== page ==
SAP TechEd 2018 Barcelona - turning the corner, aligning business with IT

Profile picture for user gonzodaddy By Den Howlett October 28, 2018
SAP TechEd Barcelona answered many outstanding questions about the direction SAP is going and the part developers have to play.

SAP TechEd 2018 Barcelona

SAP TechEd 2018 may have been and gone for Jon Reed and I but the show rolls on, with the last event of the series in Bangalore at the end of November. That space gives SAP and its leaders time to reflect and digest the learnings out of the Las Vegas and Barcelona events. The internal scorecard ought to be encouraging.

Nowadays I want to be done at most vendor-led events inside two days and that's how I planned my time in Barcelona. On this occasion, I should have taken three days because from the limited amount of time I spent on the show floor it is obvious I missed many things. If you'd like to get a fuller flavor of what was on offer then start with the SAP TechEd Twitter hashtag.

On the flipside, and even on my limited time, I'd assess this year's sessions as the most satisfying in a number of years. Having Dick Hirsch with me for many of those sessions helps. He is far more technical than I but contextualizes those conversations well for me to parse back to a more business focused audience. So for example, the deeply technical conversations we had with the API management group allowed me to better understand the enormous challenges of building out an API led business model that spans multiple internal SAP systems and external, third-party solutions. That's not always obvious to the business leader.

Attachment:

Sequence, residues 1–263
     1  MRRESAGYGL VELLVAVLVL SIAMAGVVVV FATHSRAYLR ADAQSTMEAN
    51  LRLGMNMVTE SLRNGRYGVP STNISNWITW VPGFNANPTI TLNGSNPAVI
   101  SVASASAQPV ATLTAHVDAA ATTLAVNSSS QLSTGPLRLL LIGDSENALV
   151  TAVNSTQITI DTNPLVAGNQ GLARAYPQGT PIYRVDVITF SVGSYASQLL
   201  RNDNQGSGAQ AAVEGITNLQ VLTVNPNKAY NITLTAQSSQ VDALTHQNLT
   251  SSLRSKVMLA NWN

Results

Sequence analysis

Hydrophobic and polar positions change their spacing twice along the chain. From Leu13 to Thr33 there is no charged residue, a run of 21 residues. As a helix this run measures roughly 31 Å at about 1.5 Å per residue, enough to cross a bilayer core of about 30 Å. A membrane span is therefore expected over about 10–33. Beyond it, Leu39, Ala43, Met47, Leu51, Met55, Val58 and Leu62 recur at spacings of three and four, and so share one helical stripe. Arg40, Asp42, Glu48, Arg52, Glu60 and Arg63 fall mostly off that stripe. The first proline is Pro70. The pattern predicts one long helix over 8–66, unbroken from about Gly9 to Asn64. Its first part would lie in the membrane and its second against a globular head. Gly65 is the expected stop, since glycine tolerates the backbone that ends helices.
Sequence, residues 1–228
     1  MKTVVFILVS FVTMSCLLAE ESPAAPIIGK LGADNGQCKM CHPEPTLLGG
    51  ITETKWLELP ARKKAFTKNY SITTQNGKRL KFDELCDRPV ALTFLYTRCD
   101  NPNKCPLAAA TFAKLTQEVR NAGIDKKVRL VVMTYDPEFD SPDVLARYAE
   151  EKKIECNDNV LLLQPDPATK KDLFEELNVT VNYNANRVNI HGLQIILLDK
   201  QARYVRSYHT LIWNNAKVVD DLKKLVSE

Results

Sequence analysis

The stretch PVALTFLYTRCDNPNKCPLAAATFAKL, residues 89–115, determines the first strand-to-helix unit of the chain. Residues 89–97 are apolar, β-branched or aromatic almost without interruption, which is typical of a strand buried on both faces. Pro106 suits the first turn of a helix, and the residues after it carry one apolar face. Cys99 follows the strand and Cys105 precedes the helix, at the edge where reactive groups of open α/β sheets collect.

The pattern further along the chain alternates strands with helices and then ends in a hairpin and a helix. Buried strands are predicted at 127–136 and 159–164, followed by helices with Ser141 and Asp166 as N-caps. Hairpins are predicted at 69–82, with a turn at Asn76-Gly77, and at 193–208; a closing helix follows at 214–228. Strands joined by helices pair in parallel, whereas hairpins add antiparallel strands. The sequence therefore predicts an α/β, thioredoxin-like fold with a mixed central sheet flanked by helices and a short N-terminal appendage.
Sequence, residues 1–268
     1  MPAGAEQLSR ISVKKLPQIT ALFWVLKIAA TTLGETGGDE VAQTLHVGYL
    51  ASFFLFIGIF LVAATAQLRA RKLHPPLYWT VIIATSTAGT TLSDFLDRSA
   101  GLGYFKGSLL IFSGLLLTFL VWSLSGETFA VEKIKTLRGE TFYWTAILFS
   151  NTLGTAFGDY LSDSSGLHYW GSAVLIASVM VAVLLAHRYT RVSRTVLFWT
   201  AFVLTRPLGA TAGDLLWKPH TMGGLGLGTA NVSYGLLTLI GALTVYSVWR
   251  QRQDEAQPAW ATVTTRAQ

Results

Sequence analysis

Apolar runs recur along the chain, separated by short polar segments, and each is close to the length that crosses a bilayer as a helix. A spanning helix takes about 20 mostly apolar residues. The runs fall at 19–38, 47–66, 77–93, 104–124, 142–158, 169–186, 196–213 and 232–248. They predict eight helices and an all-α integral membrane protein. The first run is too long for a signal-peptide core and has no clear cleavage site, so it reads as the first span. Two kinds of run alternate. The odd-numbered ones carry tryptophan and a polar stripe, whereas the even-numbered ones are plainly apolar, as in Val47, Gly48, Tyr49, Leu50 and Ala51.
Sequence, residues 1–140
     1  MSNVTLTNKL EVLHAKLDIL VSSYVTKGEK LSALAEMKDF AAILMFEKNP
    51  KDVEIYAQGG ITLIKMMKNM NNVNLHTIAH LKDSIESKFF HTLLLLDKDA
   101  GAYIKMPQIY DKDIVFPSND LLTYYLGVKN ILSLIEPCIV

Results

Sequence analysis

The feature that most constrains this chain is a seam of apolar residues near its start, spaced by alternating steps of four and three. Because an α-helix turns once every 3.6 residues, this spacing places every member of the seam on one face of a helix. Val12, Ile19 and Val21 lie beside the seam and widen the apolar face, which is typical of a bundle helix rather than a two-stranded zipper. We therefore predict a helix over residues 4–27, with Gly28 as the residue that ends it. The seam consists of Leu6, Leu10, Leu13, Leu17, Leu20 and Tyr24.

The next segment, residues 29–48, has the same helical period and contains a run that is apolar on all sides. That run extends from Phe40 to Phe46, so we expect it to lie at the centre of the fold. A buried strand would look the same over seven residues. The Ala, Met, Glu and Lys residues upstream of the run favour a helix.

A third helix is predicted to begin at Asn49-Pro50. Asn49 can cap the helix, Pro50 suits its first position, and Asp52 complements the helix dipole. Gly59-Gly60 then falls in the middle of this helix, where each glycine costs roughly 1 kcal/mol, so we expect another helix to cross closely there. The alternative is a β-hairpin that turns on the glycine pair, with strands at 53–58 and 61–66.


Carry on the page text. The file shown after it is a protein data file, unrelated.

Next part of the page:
For business leaders looking to transform to more service-oriented business models, the message could not be clearer. Yes, it's doable but yes it needs rigorous IT management and guess what? Sometimes you're going to experience issues that are not down to your IT but the external network providers who are serving as the train tracks and pathways through which to reach customers.

I take that as a message which today demands a much better understanding of IT as a value generator and not simply as a bunch of plumbers who make things happen. To that point, be assured that the IT shops which grok this stuff totally get it so, in my view, it's time for the business to listen to IT in describing what is rapidly becoming the art of the possible on a journey beyond the intelligent enterprise.